Maternity leave is a set period of time a biological or adoptive mother can take off from work, while pregnant and after giving birth, to raise her newborn child. During this absence from work, you will receive a government benefit (EI) and your employer is required, by law, to hold your position while you are away. The amount of time you get from your employer varies by province and territory.
How (and when) to apply for maternity leave
To receive the EI maternity and parental leave government benefit, you have to apply and meet a set of criteria, including accumulating at least 600 hours of insurable employment. You must fill out an online application that will take about 60 minutes to complete. Once you begin the application, you have 72 hours to complete it. It's helpful to have the following information ready to submit:
- Details (names & addresses) of your employers in the 12 months, as well as the dates of employment
- Your address and social insurance number (SIN), plus any other parent if you're sharing the benefits
- Your mother's maiden name
- Bank details
- The expected or actual date of birth of your child
- If adopted, the date the child was placed with you and the name of the agency handling the adoption
Be sure to apply promptly after your last day of work. Waiting longer than 4 weeks after leaving work could risk losing eligibility for these benefits.
How much can you get while on maternity leave
Your maternity and parental EI benefits will be key in planning your maternity leave finances. The general rule is this benefit pays out around 55% of your income, up to a maximum amount. The province of Quebec is more generous, and you can get up to 75% of your income there. In both case you will be expected to pay tax on any benefits received.
These percentages of your income depend on how long you take a leave of absence. The first part of your absence will be your maternity leave and that can last for 15 weeks. Beyond those first 15 weeks, your benefit switches to parental benefits, which can last either the standard 35 weeks or extended into 61 weeks. If you choose the standard length, 50 weeks in total, you receive 55% of your average weekly insurable earnings. If you take the full 76 in total, then you will receive 33% of your average weekly insurable earnings.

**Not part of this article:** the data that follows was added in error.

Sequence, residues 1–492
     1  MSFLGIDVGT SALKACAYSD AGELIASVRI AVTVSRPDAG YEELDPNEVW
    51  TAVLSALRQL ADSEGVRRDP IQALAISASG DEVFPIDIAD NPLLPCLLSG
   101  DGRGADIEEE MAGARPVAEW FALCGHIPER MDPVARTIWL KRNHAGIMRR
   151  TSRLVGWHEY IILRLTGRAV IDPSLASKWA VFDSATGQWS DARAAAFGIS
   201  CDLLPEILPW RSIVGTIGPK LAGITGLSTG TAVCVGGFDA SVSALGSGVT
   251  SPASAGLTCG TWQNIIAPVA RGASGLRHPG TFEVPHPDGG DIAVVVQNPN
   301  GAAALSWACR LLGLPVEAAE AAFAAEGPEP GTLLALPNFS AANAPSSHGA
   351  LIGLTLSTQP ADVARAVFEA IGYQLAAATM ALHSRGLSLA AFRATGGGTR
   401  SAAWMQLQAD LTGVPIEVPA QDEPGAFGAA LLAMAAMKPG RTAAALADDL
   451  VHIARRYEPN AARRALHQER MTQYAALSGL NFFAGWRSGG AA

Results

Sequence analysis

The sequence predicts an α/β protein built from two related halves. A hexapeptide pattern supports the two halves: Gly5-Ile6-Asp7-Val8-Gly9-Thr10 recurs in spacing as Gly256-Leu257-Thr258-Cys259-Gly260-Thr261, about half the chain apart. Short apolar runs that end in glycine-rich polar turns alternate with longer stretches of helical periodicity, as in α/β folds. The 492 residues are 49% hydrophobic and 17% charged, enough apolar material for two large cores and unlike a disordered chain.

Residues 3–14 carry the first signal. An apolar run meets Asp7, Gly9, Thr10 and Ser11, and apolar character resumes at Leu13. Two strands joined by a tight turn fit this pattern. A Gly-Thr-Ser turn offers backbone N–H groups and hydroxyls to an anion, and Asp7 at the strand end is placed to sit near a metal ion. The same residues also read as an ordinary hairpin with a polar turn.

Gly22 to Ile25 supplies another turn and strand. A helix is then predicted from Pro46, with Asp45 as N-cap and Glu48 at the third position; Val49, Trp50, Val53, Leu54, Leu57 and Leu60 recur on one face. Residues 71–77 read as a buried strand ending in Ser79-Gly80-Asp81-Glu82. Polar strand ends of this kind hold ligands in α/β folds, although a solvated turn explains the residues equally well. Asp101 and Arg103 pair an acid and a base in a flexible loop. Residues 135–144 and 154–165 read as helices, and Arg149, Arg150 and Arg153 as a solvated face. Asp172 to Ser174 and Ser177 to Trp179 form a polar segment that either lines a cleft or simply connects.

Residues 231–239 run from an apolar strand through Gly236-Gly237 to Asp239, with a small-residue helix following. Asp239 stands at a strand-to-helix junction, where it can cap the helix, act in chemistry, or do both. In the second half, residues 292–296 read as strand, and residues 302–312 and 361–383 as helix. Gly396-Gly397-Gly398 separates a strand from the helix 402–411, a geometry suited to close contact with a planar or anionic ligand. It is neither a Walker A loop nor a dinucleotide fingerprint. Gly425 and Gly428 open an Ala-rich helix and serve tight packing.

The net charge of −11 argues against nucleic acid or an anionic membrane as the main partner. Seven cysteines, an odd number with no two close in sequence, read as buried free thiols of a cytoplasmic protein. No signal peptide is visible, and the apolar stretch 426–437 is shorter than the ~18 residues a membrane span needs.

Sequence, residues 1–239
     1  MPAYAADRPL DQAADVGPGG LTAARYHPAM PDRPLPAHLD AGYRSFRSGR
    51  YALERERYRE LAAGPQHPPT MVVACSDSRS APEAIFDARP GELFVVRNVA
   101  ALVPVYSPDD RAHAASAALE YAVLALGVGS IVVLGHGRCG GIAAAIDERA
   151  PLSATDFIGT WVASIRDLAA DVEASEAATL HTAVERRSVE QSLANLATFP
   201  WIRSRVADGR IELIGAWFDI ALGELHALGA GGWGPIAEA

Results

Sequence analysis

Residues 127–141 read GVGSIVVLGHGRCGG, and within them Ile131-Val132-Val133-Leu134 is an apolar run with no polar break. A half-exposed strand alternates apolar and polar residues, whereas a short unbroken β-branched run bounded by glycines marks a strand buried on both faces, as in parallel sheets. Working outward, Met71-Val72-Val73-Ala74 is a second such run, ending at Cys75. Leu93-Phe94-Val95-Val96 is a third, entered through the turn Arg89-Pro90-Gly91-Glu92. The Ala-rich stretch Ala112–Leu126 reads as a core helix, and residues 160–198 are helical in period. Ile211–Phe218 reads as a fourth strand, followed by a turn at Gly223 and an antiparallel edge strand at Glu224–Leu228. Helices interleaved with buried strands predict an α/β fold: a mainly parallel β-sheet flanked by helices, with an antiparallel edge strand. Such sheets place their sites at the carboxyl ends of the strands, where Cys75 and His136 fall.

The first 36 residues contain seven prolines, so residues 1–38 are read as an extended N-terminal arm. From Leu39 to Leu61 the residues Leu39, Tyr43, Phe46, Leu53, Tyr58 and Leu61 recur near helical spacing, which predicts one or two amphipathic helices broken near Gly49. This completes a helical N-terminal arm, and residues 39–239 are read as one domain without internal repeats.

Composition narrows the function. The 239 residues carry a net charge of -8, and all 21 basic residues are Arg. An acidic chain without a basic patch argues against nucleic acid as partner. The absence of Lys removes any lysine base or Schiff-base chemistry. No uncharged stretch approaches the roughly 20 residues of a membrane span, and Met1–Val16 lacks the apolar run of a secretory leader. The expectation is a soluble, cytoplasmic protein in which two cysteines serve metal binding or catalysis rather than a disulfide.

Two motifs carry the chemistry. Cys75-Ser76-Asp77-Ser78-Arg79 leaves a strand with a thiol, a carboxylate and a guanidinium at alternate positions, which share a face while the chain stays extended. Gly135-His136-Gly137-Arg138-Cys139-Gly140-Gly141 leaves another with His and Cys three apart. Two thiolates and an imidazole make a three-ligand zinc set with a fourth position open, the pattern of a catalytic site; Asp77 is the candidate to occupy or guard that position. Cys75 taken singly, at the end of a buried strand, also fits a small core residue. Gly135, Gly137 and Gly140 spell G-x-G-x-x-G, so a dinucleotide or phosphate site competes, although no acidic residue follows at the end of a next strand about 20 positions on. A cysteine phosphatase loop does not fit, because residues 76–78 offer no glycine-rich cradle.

To give you some idea of how much monetary benefit you could receive from the government, consider the maximum yearly insurable earnings amount is $54,200 (as of May 1, 2020). That means you would get a max of $573 per week under the standard 35 weeks parental benefit. Extended benefits would be $344 a week. Once you choose a duration, you cannot change mid-way.
EI maternity benefits:
Can be paid for a maximum of 15 weeks after actual date of birth.
EI standard parental benefits:
Can be paid for a maximum of 35 weeks.
EI extended parental benefits:
Can be paid for a maximum of 61 weeks.
Who is eligible for maternity and parental benefits?
While maternity benefits are only available to biological and surrogate mothers, who cannot work because they have given birth, parental EI benefits are available to both parents and can be shared. For example, a mother and partner can split the 35 weeks between them. So, in other words, a mother can go back to work after 10 weeks of parental leave and the other parent can use the remaining 25 weeks. This applies to both standard parental leave and extended.
Do low-income families receive more while on maternity leave?
If your annual income is determined by the government to be less than $25,921, you may be eligible to receive what is called the EI Family Supplement. This is an additional benefit that could increase your benefit rate to as high as 80% of your average insurable earnings. Either parent can receive this benefit, but if the recipient’s income rises the Family Supplement will decrease.
Preparing your finances for maternity leave
Losing over half of your income while on maternity leave can be a big adjustment and a shock to your finances. Especially when you consider having a child comes with a lot of new expenses – diapers, clothing, toys, professional photography, car seat if you drive – just to name a few.
Whether you’re having a baby with a partner or going it alone, try to work out a new monthly expenditure plan. If you’re with a partner, re-adjust how you balance your financial partnership. For example, if you were splitting the rent 50/50, they can take on a bigger percentage of that expense. Also, discuss with your partner ways you can save money. One easy solution is to target your entertainment budget. With a little baby in the house, you won’t be going to the movies or the nightclub as much anymore.
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